Sunday, June 12, 2011
Ben Alley misses his parents. He's 18 and just graduated from East Marshall High School in Le Grand, with scholarships to almost cover his costs at the University of Iowa. It's a time for open houses and pride. But he won't be getting that from his once-close family -- the Southern Baptist minister father and the mother who home-schooled him early on.
They're not dead; he's dead to them. In sophomore year, Ben informed his parents that he is gay. They informed him he wouldn't be coming home after school the next day -- or ever again.
"I do miss them," he said after events last Friday honoring him and other winners of the Matthew Shepard and First Friday Breakfast Club scholarships that are given to gay, lesbian, bisexual or transgender young leaders. "But I've learned to cope with that because there's really nothing I can do." His parents have since moved back South.
Ben's is actually two stories in one. The first is about a kid rejected, homeless and compelled to live independently at 16, requiring him to take a late shift job at Walmart to help cover costs. That meant most nights he didn't start homework until 10:30. It's about a young man raised in a home where being gay was considered "right up there with being a child molester." At age 10 he was told by his mom that he didn't deserve to live anymore, after she caught him experimenting with a boy the same age. Later, when he fought depression, counselors told Ben, "You've been taught to hate everything you are."
But his is also the story of a survivor, staying in school and graduating, in spite of everything, with a 3.25 GPA. And it's about other people who helped pave the way to his self-acceptance and refused to let a kid be alone in the world.
Fonda and Lyle Weber, whose straight daughter was a friend of Ben's, eventually took him in and cared for him as a son. A lesbian he knew from speech and choir had been through the same thing with her family, and helped him through the crisis with advice and contacts. He also got support from a gay young man at school. As he became empowered, he restarted an inactive Gay-Straight Alliance for students.
A story like this makes you appreciate the power of community, gay and straight, and of role models -- even reluctant ones. Before six scholarship winners were presented at the gay men's breakfast club last Friday, Grinnell College's new president, Raynard Kington, spoke of his struggle to come to terms with being a symbol. "Small town embraces gay black president," trumpeted a Des Moines Register headline after his appointment last year, which generated a lot of media attention. "Openly gay black man with kids named Grinnell College president," exclaimed a gay publication.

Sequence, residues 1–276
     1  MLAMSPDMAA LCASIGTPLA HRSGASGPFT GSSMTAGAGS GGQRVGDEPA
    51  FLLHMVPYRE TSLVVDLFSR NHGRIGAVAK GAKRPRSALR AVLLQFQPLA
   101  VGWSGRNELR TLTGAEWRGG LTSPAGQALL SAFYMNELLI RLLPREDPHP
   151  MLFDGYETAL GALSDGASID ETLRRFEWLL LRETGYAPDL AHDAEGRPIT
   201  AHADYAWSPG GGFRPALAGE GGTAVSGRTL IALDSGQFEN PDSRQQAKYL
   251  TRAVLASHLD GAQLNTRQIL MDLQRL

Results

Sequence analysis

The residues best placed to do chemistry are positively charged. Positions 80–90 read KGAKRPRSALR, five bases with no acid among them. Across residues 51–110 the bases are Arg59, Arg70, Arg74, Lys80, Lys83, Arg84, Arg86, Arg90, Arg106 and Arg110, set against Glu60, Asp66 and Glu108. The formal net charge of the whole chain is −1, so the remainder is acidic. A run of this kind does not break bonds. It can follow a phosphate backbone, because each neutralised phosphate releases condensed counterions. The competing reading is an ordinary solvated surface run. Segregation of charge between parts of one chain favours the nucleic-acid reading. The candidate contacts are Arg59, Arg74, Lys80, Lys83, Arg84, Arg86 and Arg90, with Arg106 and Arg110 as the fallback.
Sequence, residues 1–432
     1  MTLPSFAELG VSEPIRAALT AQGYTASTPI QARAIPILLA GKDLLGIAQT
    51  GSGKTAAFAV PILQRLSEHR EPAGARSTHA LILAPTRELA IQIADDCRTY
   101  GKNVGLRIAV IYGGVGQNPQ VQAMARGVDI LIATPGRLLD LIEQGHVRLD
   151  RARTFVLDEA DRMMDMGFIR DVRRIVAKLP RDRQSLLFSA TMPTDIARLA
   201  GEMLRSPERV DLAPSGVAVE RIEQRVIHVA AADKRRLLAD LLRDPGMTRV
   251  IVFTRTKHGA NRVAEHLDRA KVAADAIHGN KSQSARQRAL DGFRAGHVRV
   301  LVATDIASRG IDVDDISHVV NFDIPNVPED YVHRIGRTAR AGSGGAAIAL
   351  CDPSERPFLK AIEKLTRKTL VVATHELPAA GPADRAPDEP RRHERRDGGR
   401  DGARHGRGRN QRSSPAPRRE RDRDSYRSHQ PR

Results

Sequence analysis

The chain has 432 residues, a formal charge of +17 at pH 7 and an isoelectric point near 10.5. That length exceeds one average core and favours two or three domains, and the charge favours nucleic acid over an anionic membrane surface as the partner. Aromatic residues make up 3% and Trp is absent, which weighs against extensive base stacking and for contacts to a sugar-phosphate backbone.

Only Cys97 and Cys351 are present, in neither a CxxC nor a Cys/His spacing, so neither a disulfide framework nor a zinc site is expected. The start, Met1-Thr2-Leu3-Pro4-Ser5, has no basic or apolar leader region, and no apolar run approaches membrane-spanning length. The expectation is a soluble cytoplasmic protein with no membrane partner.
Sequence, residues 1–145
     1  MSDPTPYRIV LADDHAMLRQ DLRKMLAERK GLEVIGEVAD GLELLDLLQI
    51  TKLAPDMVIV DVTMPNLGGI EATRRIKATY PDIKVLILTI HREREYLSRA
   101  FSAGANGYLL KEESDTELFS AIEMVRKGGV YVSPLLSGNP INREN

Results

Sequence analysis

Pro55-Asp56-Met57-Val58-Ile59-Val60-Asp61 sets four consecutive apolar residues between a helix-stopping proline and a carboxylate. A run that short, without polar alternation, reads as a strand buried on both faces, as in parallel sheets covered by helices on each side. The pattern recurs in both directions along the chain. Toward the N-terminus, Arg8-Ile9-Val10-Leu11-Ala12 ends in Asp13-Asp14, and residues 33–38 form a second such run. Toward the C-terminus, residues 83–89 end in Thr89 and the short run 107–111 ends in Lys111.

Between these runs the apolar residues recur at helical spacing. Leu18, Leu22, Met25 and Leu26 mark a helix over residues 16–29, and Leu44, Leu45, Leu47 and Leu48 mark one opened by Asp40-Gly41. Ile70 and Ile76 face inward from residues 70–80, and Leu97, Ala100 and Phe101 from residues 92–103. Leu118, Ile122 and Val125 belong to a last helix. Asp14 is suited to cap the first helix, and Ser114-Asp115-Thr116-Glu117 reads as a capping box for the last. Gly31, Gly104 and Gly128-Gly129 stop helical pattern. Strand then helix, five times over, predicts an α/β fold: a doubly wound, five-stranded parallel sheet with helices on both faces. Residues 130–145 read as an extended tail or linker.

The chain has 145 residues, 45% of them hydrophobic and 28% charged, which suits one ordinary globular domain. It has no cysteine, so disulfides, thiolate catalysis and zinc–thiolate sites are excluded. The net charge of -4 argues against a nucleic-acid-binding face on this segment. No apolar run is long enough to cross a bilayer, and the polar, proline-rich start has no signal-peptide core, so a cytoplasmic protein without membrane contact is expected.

The curiosity is understandable. Everyone wondered how the East Coast transplant, a medical doctor, and his spouse and two young sons would fare in largely white Iowa, which has seen some pitched battles over same-sex marriage. To Kington, who didn't come here to be a mouthpiece for any group, the attention was a bit uncomfortable. "A research professor assigned me as a topic on various sociological theories," he said. "That was really just bizarre."
Questions were directed to him about Iowa's same-sex marriage ruling, and the backlash it generated, resulting in three Supreme Court justices being removed. He wasn't sure how much to be a spokesman for causes. But he also remembers every day, in his words, that "I am where I am because a lot of other people decided to change the world." Some day, these scholarship winners, who have fought lonely battles against slurs, sabotage and outright rejection, may be able to say the same.
Anyone who has wondered about the value of role models should have been there that day. So should Bob Vander Plaats and every politician using race or sexual orientation in their campaigns to spread hatred, fear and divisions. They would have seen that it can't win.